My Year of Nothing New

keas1_page_013I’m an American citizen. This means last fall I began hearing that I should “get out there, spend money, and buy more stuff.” I was told this is the part I need to play as an American in helping jumpstart our economy again.

This spending solution seemed to be the one principle our government and all the pundits agreed upon. And apparently it’s what the founding fathers would want me to do.

Each week the adman insisted that there has never been a better time for me to buy a car, house, or iPhone. Here in the United States of Advertising the message is always the same: “now is the time to buy!”

So I decided now was the time for a little economic experiment. I will not be buying anything new for a year.

This means no new clothes, music/iTunes, appliances, or electronics. The only exceptions are basic consumables (such as toothpaste and food) and books (which would also be banned if I wasn’t in the middle of grad school).

2009 is my year of nothing new. I like to think of it as a retail shopping sabbatical or a fast from consumerism.

Before I go any further, let me give a disclaimer. I’m no economist, nor do I presume to understand the complexity of the mess we’re currently in. But this also doesn’t discredit what I have to say on the matter. Though I don’t have a degree in economics I still have to make financial decisions – just as those without a degree in theology still make spiritual decisions. That leads me to my next point: I would contend this is in fact a spiritual issue.

America is a very religious country - and our religion is consumerism. Shopping has become a sacred activity, we look to our stuff for spiritual fulfillment, and our holidays are shaped more by buying than by the Christian (or any other religious) calendar. I once heard that you can tell what a society values most by looking at its tallest buildings. There was a time when our tallest buildings were church steeples, then academic institutions. Now all of our skyscrapers are financial centers and businesses. All of them.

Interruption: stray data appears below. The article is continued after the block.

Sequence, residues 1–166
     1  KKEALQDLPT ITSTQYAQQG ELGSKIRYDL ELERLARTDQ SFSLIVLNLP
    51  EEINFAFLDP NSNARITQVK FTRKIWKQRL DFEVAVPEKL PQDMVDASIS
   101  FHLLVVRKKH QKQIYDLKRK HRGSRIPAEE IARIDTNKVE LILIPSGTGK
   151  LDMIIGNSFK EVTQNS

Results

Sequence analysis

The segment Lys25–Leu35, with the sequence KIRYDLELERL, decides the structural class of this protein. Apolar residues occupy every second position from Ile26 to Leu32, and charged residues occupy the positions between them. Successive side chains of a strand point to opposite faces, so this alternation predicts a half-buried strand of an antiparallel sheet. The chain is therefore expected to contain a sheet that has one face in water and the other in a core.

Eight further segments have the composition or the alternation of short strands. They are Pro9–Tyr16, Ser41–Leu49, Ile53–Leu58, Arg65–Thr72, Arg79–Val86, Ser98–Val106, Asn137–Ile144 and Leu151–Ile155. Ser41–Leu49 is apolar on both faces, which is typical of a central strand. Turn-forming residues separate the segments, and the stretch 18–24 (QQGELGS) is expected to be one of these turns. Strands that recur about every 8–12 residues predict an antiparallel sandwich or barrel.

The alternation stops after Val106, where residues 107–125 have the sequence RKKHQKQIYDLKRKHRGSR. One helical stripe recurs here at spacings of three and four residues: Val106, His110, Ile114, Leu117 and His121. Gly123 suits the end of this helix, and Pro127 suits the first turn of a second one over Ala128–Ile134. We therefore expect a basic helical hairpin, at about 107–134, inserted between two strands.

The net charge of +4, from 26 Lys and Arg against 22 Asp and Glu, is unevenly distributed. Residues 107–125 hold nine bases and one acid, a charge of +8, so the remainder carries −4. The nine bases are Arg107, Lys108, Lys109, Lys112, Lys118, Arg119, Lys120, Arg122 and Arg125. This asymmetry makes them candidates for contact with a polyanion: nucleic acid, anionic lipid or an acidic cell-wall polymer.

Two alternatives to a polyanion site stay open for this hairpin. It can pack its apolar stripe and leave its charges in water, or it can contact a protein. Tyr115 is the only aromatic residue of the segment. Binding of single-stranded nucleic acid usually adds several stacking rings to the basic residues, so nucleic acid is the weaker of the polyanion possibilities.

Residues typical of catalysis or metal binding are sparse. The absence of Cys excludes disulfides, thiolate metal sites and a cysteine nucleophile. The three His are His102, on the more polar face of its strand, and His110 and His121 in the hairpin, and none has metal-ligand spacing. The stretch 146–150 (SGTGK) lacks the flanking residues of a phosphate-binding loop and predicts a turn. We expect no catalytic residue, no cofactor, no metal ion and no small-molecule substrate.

So my year of nothing new is a spiritual discipline, economic exercise, and political statement wrapped up in one.

Our Old Stuff

These photographs (including the one at the top of this post) were taken by my sister in Nigeria last January. She has been working on a new book about trash in developing countries and traveling to some of the largest garbage dumps in the third world. What happens to our old stuff (computers, TVs, phones, electronics, etc.) when we throw it away and buy new stuff? Misty’s photos don’t tell us, they show us.

These gigantic landfills in Nigeria are full of our old stuff. We pay poorer countries to let us dump our toxic waste in their cities. Why don’t they object? As my sister says, when you’re living in dire poverty it’s hard to say no to a little bit of good for a whole lot of bad.

Most Americans are unaware of this global economic hierarchy of trash, but those in the third world aren’t. That’s because people live in these dumps (look closer at the photo). This is what my sister wrote in an email when she returned home:

“I spent time in two dumps and one of them was on fire the length of my visit due to spontaneous combustion and uncontrolled methane gas. Communities of people scavenge in these dumps every day for parts than can be reused or sold for recycling. The majority of people working in the larger dump also live there, an estimated 1200 of 2000 scavengers also call the dump home. It is an unbelievably toxic environment for home and work.”

But we’re only catching the tail end of the story. Here’s what a larger biography of our old stuff would look like: it’s taken from natural resources in South America, built and assembled in China, bought and used in the USA, then thrown away in this Nigerian landfill. (Annie Leonard created a web-based documentary to show how all this works.)